Driving research of Myalgic Encephalomyelitis / Chronic Fatigue Syndrome (ME / CFS),
Post Treatment Lyme Disease Syndrome (PTLDS), Fibromyalgia and Long COVID.

Happy Holidays + 7 Holiday Tips for Coping with Chronic Illness!

A pine cone and holly on a snow covered tree branch with the text, "Happy Holidays from your OMF family!"

 

As the year draws to a close, we want to take a moment to reflect on the progress we’ve made together and express our heartfelt gratitude to each and every one of you. Your support, whether through donations, fundraising, or sharing our mission, has been invaluable in our quest to understand and conquer ME/CFS and Long COVID.

The holiday season is a time for hope, and at OMFCanada (OMFCA), hope is what drives us every day. Hope for better diagnostics, hope for effective treatments, and ultimately, hope for cures. We are inspired by the strength and resilience of the patient community and are committed to transforming that hope into reality.


At OMFCA, we also understand that the holidays can be a difficult time for those struggling with the challenges of chronic illness. The following seven tips for the holidays are shared by Sarah, (@Lowenergylounge), a talented creator and person with ME/CFS.

 

7 Holiday Tips:

1. Plan strategically: To conserve energy and avoid overexertion during the holiday season, schedule rest breaks and select smaller, more manageable, events/activities that align with your energy levels.

2. Set clear expectations: Communicate openly with friends and family about the possibility of last-minute cancellations or early departures based on your health. Managing expectations ensures understanding and reduces potential stress on the day-of. *Bonus Tip: To prevent unintentional overexertion, designate someone to help you gracefully leave an event at a predetermined time.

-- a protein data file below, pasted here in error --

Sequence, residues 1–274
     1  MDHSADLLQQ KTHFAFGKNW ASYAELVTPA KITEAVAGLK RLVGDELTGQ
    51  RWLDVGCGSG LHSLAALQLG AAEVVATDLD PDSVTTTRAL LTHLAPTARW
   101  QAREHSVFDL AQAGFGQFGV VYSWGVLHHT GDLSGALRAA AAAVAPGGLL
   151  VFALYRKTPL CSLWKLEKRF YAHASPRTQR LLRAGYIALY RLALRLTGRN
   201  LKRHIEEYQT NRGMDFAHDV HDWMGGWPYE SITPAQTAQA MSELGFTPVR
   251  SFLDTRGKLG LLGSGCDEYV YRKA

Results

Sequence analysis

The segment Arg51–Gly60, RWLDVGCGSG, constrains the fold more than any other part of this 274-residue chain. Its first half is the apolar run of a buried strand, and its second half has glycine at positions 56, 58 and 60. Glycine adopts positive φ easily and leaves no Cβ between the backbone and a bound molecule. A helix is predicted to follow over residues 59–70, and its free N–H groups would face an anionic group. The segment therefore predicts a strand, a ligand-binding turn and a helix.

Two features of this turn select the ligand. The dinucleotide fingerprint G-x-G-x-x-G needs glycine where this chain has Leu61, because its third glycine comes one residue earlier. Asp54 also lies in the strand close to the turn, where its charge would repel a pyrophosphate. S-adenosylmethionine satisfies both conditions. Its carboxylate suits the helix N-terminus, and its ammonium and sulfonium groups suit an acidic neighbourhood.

3. Share the load: Resist the urge to do everything yourself! Delegate tasks, share responsibilities, and save energy by simplifying your to-do list.

4. Create a quiet space: Have a designated quiet area at gatherings where you can retreat when you need a moment of rest.

5. Navigate food sensitivities: Communicate dietary restrictions to hosts in advance and consider bringing a dish to share that you know you can enjoy, ensuring a delicious and safe holiday experience for everyone.

6. Empower yourself: Discussing your health, especially with a frequently misunderstood condition, can be stressful. But you don’t owe anyone an explanation. During the holidays, keep in mind that YOU decide whether to discuss your health. Think in advance about how much you’re comfortable sharing, and how you can set boundaries that prioritize your comfort if the subject comes up.


7. Be kind to your mind: Your chronic illness won’t be taking time off for the holidays, so don’t treat yourself as if it is. Embrace self-compassion, acknowledge limitations, and focus on cherishing moments of engagement. You’ve got this! And if some days you don’t, that’s perfectly okay too.

As this year ends, we at Open Medicine Foundation are filled with gratitude for your support and inspired by your resilience. Our work continues, driven by the shared goal of understanding and conquering ME/CFS and Long COVID. We’re committed to research, education, and community engagement, paving the way for a brighter future.

This holiday season, remember to pace yourself and hold on to the hope.

Warmest wishes for a healthier New Year ahead,

Open Medicine Foundation Team 

 

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